NEW YORK (AP) — The "meowdels" wore couture and the crowd was cat-tastic at The Algonquin Hotel's annual feline fashion show, presided over by the historic Times Square establishment's 12th resident cat, a ginger boy with a theatrical name, Hamlet VIII.
Thursday's theme for the catwalk and lobby party, with some human attendees in cat-ear headbands and feline-adorned finery, was "The Purring '20s." That's the era that Dorothy Parker, George S. Kaufman, Alexander Woollcott and other writers, critics, actors and all-around wits first sat around the hotel's famed Round Table.
Hamlet VIII made his party debut this year, perched in his treehouse at the front desk, strutting for guests in a sparkly silver bow tie as about 150 human partiers munched on hors d'oeuvres and sipped wine. Their camera phones were at the ready as four-legged models were held by their owners for a red carpet walk, including a tiny cutie just a month old, a black rescue named Frank Sinatra. His bespoke ensemble included a puffy red newsboy hat.
The event is a fundraiser for the Mayor's Alliance for NYC's Animals, which helps support more than 150 animal shelters and rescues in New York. Organizers said more than $10,000 was expected to be raised, fueled in part by $75-a-pop ticket sales and a silent auction.
As for the fashion, it came courtesy of "certified" pet fashion designer Ada Nieves. Leather? Absolutely not, she told The Associated Press in a pre-show interview. There were Art Deco touches in crystals and laces, a pink-fringe flapper dress and feather head band worn by a longhair named Aine, and a knockout orange youngster that goes by Mango in bowler hat and double-breasted tuxedo.
A chill girl rescue named Sake got a wide-brim garden hat and lavender low-waisted dress a la the Roaring '20s, while Baloo scored a striped zoot suit for his big runway moment.
The long history of cats presiding at The Algonquin is a bit murky but dates to the early '20s with Billy, who during the heyday of the Round Table belonged to hotel owner and manager Frank Case. After Billy passed away, so the story goes, a stray marmalade cat made his way into the hotel in the early 1930s and was declared Rusty. The name didn't sit well with actor John Barrymore, a hotel resident at the time, so Rusty became the first Hamlet, honoring what is said to have been Barrymore's greatest stage role.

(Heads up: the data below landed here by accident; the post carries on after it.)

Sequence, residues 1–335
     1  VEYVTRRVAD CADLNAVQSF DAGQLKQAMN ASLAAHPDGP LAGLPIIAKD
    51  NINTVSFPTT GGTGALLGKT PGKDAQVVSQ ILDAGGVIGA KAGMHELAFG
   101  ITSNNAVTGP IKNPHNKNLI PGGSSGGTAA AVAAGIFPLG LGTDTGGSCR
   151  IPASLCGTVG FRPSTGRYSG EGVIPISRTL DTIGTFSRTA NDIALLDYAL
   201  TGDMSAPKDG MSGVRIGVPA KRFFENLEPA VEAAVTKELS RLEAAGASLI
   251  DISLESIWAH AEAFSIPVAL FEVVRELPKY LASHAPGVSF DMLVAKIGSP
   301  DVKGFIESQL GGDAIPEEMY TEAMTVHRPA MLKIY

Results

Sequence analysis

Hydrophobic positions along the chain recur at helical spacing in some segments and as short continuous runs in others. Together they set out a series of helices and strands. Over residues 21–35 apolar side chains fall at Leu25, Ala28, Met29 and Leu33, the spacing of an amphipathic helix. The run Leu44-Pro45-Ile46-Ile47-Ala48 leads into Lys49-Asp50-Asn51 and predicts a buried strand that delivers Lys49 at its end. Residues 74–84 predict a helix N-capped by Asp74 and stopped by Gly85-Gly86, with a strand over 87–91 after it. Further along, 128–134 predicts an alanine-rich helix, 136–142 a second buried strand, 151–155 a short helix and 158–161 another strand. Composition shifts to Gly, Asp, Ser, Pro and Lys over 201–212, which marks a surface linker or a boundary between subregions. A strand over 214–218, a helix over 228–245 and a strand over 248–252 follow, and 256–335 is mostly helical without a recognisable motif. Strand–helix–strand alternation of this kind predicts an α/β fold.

"They thought the name Hamlet was more dignified for the Algonquin," said Alice De Almeida, the hotel's Chief Cat Officer. "And a legend was born."
Hamlet is, indeed, the eighth Hamlet at the Algonquin, which has also been home to three cats named Matildas — rescues each and every one.
"We have no clue who picked the name Matilda or why," De Almeida said.
The current Hamlet is a people cat, though he's not terribly fond of huge TV cameras. He loves a good scratch behind the ears, De Almeida said. The hotel chef cooks him special meals on holidays and his portrait hangs above the front desk. The white-glove treatment for felines stretches back to Rusty, who had the run of the hotel (Hamlet VIII is restricted to the front desk area) and was given milk out of a Champagne glass, De Almeida said. As for the Round Table crowd and whether they were cat people, she wasn't sure.
"We know Dorothy Parker had dogs," De Almeida said. "At that time there was no board of health, so Rusty was in and out of rooms, and they had a special door for him to go in and out of the kitchen. He sat in the Blue Bar. I mean, who had a better life?"
Hamlet's life is pretty sweet. He receives fan mail and gifts from around the world thanks to the international guests he has befriended at the front desk. He will soon have a picture book telling his story and that of his hotel home. The hotel went with a Roaring '20s theme for its fashion show this year to mark the 125th birthday of the caustic Parker, a poet and critic who was omnipresent at the Round Table's near-daily lunches. Really, though, it was all about the cats.
"I'm looking around the room and thinking this is one place, at least for the next hour, where every person has a smile on their face," said Kathleen Duffy, a hotel spokeswoman. "We need that right now."